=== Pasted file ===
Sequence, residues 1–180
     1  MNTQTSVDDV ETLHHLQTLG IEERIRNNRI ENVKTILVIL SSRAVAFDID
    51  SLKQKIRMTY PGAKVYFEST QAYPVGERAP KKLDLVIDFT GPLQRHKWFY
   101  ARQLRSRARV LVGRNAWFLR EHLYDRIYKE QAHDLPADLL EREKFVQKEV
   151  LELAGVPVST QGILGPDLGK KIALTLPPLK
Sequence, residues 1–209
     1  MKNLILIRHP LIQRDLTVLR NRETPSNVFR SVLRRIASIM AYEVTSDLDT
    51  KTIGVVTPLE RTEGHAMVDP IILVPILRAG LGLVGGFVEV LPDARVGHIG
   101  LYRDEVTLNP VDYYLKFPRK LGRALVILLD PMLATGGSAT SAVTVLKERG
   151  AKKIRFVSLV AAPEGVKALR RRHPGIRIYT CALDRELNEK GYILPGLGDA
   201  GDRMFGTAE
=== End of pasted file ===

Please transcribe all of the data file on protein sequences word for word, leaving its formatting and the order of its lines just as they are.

Sequence, residues 1–180
     1  MNTQTSVDDV ETLHHLQTLG IEERIRNNRI ENVKTILVIL SSRAVAFDID
    51  SLKQKIRMTY PGAKVYFEST QAYPVGERAP KKLDLVIDFT GPLQRHKWFY
   101  ARQLRSRARV LVGRNAWFLR EHLYDRIYKE QAHDLPADLL EREKFVQKEV
   151  LELAGVPVST QGILGPDLGK KIALTLPPLK
Sequence, residues 1–209
     1  MKNLILIRHP LIQRDLTVLR NRETPSNVFR SVLRRIASIM AYEVTSDLDT
    51  KTIGVVTPLE RTEGHAMVDP IILVPILRAG LGLVGGFVEV LPDARVGHIG
   101  LYRDEVTLNP VDYYLKFPRK LGRALVILLD PMLATGGSAT SAVTVLKERG
   151  AKKIRFVSLV AAPEGVKALR RRHPGIRIYT CALDRELNEK GYILPGLGDA
   201  GDRMFGTAE